This new ransomware targets data visualization tool Jupyter Notebook





A new strain of Python ransomware targets Jupyter Notebook environments.

Jupyter Notebook is an open source web environment for data visualization. The modular software is used to model data in data science, computer science and machine learning. The project supports more than 40 programming languages ​​and is used by companies such as Microsoft, IBM and Google, in addition to numerous universities.

Aqua Security’s Team Nautilus recently discovered malware that honed this popular data tool.

While Jupyter Notebook allows users to share their content with trusted contacts, access to the app is secured via account credentials or tokens. In the same way that companies sometimes fail to secure their AWS buckets, making them publicly visible, misconfigurations of notebook computers have also been found.

The Python ransomware targets those who have accidentally made their environment vulnerable.

The researchers set up a honeypot containing an exposed Jupyter notebook application to observe the malware’s behavior. The ransomware operator accessed the server, opened a terminal, downloaded a range of malicious tools – including encryptors – and then manually generated a Python script that ran ransomware.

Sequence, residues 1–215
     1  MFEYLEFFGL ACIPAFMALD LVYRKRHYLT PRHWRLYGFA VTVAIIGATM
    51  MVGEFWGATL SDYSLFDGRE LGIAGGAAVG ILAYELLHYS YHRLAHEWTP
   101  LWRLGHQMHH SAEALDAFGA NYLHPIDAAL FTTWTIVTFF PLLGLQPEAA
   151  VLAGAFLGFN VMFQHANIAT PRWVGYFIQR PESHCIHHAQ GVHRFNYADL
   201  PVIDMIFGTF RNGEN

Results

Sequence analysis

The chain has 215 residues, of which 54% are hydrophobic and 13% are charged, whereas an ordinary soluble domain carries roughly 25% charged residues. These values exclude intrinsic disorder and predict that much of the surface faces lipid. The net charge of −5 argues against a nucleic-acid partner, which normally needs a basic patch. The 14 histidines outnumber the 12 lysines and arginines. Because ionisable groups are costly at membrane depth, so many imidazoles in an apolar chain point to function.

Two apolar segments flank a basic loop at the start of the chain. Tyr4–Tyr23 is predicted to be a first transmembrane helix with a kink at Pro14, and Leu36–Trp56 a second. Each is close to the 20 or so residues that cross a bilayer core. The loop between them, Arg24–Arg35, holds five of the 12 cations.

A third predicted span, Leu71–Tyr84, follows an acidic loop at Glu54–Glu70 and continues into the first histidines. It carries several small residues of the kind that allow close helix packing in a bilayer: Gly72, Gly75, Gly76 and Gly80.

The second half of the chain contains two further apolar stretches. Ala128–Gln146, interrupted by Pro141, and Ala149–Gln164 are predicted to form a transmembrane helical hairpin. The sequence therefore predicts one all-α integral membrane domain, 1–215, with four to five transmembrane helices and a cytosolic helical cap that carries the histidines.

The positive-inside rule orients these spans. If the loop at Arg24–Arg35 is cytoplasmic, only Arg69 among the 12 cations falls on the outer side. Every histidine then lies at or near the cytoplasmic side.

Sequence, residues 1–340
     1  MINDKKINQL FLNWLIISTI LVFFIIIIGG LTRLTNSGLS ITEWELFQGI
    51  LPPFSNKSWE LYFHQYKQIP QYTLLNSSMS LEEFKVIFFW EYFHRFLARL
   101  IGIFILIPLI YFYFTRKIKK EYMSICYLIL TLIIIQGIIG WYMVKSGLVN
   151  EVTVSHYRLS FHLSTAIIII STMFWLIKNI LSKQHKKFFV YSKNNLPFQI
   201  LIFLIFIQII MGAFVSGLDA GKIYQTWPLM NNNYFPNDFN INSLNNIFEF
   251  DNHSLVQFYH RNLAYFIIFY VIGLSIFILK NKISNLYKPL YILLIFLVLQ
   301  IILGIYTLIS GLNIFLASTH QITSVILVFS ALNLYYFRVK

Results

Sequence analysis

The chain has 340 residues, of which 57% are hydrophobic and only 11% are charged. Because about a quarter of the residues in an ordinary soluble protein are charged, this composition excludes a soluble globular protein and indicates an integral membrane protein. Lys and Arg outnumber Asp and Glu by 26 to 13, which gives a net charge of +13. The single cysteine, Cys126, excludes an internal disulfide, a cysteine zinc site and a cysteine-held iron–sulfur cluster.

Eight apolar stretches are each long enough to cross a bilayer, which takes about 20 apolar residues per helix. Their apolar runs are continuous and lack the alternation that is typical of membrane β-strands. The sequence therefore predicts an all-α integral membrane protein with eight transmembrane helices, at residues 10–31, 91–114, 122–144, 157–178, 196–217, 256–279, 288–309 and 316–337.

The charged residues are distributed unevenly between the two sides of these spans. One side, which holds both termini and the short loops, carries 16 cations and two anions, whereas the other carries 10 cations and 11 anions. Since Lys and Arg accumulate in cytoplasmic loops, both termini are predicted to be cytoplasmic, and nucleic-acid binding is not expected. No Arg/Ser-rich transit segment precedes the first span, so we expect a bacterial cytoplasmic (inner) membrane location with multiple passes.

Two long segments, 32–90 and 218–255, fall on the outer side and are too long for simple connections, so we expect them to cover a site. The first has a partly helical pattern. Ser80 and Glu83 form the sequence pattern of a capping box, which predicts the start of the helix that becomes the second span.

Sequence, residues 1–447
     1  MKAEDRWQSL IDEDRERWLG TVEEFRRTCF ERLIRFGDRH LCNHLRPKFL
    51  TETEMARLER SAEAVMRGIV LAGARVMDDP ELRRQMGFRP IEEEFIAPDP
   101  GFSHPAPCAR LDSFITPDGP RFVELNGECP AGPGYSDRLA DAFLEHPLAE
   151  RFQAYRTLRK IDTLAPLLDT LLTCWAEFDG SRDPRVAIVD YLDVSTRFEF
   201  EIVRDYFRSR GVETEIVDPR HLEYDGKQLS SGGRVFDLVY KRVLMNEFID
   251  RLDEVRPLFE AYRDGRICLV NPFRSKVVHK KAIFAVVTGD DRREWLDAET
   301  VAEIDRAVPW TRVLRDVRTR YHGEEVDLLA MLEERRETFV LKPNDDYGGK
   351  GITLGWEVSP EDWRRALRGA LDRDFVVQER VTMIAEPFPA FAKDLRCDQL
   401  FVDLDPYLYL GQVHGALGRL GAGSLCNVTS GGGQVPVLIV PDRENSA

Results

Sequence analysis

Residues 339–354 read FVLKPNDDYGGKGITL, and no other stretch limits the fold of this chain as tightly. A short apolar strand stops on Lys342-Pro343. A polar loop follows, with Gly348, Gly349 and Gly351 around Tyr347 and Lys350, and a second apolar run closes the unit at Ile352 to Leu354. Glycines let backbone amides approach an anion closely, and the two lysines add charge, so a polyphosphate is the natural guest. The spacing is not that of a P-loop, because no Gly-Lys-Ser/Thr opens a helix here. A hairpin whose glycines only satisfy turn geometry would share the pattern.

While the attack stopped without getting the job done, Team Nautilus was able to collect enough data to simulate the rest of the attack in a lab setting. The encryptor would copy and then encrypt files, delete all unencrypted content and delete itself.

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Aqua Security

It should be noted that no ransom note was included as part of the package, which the team believes points to two things: either the attacker was experimenting with their creation on the honeypot, or the honeypot timed out before the ransomware attack. attack was completed.

While attribution isn’t concrete, the cybersecurity researchers say they may be “familiar” with the miscreants because of their trademark checks before an attack begins.

Clues indicate that the individual could be from Russia, and if it is the same attacker, they have been linked to cryptojacking attacks on Jupyter environments in the past.

A Shodan search reveals that hundreds of web-facing Jupyter Notebook environments are open and accessible (although some may also be honeypots).

“The attackers were initially accessed through misconfigured environments, then ran a ransomware script that encrypts every file on a certain path on the server and deletes itself after execution to hide the attack,” the researchers said. “Since Jupyter notebooks are used to analyze data and build data models, this attack could cause significant damage to organizations if these environments are not properly backed up.”

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